Could bacteria with aggressive weapons someday replace some antibiotics? Perhaps. Researchers are using math to predict cholera strains' effectiveness against competing cholera, as they stab and poison each other on the battlefield. Being able to calculate the action virtually as well as a chemical reaction helps open the door to biomedical and other engineering uses.
2017 class of Petit Undergraduate Research Scholars most diverse in program history
Prions are notorious for causing devastating neurodegenerative diseases, such as mad cow disease. How these infectious self-perpetuating protein aggregates propagate—by getting other protein molecules of the same sequence to join the pile—is hands down insidious.
Luis Miguel Rodriguez-Rojas graduated with a Ph.D. in Bioinformatics with a minor in Biomedical Engineering. He came to Georgia Tech with an M.S. in Biological Sciences from Universidad de Los Andes, in Bogota, Colombia; an M.S. in Applied Informatics from Université Montpellier 2 (currently Université de Montpellier), in Montpellier, France; and B.S. in Biology from Universidad Nacional de Colombia, in Bogota. He is off to a postdoctoral position in Georgia Tech’s School of Civil and Environmental Engineering.
Emeritus Professor Gerald (Jerry) Pullman was awarded a lifetime achievement award for outstanding contributions in somatic embryogenesis and other vegetative propagation technologies by the Fourth International Conference of the International Union of Forest Research Organizations focused on Somatic Embryogenesis and Other Vegetative Propagation Technologies held in September 2016 in Buenos Aires, Argentina.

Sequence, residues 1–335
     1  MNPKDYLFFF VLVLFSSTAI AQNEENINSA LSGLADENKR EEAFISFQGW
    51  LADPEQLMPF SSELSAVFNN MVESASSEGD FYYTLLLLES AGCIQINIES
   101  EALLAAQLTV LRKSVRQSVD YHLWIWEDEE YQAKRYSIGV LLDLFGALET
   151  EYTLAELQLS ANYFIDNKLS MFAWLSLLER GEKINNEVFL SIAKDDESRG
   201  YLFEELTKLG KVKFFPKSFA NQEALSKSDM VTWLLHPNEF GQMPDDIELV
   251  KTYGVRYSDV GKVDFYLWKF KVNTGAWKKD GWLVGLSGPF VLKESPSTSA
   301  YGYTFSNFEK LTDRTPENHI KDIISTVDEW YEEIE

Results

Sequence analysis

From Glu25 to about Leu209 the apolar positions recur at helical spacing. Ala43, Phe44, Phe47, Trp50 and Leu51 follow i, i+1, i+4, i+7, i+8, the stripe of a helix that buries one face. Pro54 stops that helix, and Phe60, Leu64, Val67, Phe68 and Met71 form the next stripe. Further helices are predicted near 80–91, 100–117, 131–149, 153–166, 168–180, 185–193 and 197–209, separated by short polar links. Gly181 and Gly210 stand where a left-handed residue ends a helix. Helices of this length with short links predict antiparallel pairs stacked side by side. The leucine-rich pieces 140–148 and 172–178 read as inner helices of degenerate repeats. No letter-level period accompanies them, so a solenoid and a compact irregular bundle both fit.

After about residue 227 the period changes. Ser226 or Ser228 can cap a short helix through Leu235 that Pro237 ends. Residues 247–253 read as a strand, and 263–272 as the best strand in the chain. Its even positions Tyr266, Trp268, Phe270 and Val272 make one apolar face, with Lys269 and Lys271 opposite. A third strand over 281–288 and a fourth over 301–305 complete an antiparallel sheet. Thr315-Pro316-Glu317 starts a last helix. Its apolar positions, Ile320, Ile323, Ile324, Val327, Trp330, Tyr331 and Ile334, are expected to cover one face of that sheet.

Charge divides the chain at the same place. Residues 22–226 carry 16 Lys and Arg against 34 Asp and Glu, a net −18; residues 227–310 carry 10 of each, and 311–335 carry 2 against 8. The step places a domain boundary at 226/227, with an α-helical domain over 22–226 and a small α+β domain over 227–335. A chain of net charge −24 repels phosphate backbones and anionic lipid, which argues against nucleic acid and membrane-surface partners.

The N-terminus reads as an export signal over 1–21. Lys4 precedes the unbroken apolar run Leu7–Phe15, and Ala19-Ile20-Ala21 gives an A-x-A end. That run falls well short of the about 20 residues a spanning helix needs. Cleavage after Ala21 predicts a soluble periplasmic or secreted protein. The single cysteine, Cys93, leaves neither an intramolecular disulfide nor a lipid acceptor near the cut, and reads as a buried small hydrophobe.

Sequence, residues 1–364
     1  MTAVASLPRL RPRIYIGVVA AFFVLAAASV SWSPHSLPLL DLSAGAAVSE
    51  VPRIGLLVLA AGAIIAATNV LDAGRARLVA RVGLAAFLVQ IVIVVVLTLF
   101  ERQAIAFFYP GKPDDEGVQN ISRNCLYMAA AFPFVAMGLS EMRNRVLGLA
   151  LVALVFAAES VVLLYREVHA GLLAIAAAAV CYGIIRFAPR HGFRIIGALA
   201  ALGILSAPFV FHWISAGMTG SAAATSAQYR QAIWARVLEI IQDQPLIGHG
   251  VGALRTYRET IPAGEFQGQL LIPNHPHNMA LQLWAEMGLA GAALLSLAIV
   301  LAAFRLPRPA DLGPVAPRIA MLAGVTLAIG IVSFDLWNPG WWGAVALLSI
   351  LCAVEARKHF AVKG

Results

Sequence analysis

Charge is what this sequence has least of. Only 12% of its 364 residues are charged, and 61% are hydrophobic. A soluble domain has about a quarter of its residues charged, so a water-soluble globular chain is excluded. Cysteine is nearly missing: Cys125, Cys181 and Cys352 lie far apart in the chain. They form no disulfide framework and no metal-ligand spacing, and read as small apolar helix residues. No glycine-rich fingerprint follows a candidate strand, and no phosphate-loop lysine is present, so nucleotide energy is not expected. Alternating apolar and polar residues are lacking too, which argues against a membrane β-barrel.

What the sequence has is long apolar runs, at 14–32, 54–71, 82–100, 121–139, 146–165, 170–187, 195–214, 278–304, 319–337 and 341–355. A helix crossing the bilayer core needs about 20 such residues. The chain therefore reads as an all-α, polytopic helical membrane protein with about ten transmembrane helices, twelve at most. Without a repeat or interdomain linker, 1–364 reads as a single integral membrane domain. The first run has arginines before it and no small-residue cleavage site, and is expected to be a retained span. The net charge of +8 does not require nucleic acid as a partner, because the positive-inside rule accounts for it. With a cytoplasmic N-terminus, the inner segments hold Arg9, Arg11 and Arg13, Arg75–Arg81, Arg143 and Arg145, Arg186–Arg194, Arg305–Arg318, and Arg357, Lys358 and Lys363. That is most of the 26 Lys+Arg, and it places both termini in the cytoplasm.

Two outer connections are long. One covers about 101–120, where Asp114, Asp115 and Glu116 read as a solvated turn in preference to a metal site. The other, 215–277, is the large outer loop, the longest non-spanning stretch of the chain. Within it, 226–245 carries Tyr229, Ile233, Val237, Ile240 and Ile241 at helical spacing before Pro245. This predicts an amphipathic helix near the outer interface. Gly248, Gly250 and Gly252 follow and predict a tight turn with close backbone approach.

Ever think about discovering artifacts à la Indiana Jones? You have one final chance to be a fossil hunter this semester: on Wednesday, Nov. 30, 2016, when Jenny L. McGuire opens her lab to all comers to search for fossils in rock samples.
Oceanic dead zones are natural laboratories for exploring biological diversity. In a study published this year in the journal Nature, scientists at Georgia Tech discovered new species of the world's most abundant organism group, a bacterial clade called SAR11, which have adapted to life in dead zones by acquiring genes necessary to breath the chemical nitrate. Other work by Tech scientists shows that dead zones in the Pacific, which contain the largest pools of the greenhouse gas methane (CH4) in the open ocean, support microbes adapted to consume methane, potentially through a process that requires these microbes to make their own oxygen. Research on dead zones is challenging scientists to devise new tools to collect and manipulate ocean microbes while maintaining the exact environmental conditions the cells experience in nature. Frank Stewart, of the School of Biological Sciences, explains.
A recent study published in the Proceedings of the National Academy of Sciences analyzed the viral content of the human gut (Manrique et al., PNAS, 2016). The research focused on a particular kind of virus called bacteriophage, which only infect bacterial cells and do not infect human cells. Manrique and colleagues found that healthy individuals had a “core” group of bacteriophage. In addition, they found that these core bacteriophage were less frequently found in individuals with gastrointestinal disease. This novel finding reveals a potential link between the viruses in our gut and our health. Joshua Weitz explains.
Georgia Tech researchers have developed a theory to unite the study of behavior and its effect on the environment. In doing so, they combined theories of strategic behavior with those of resource depletion and restoration, leading to what they term an “oscillating tragedy of the commons.”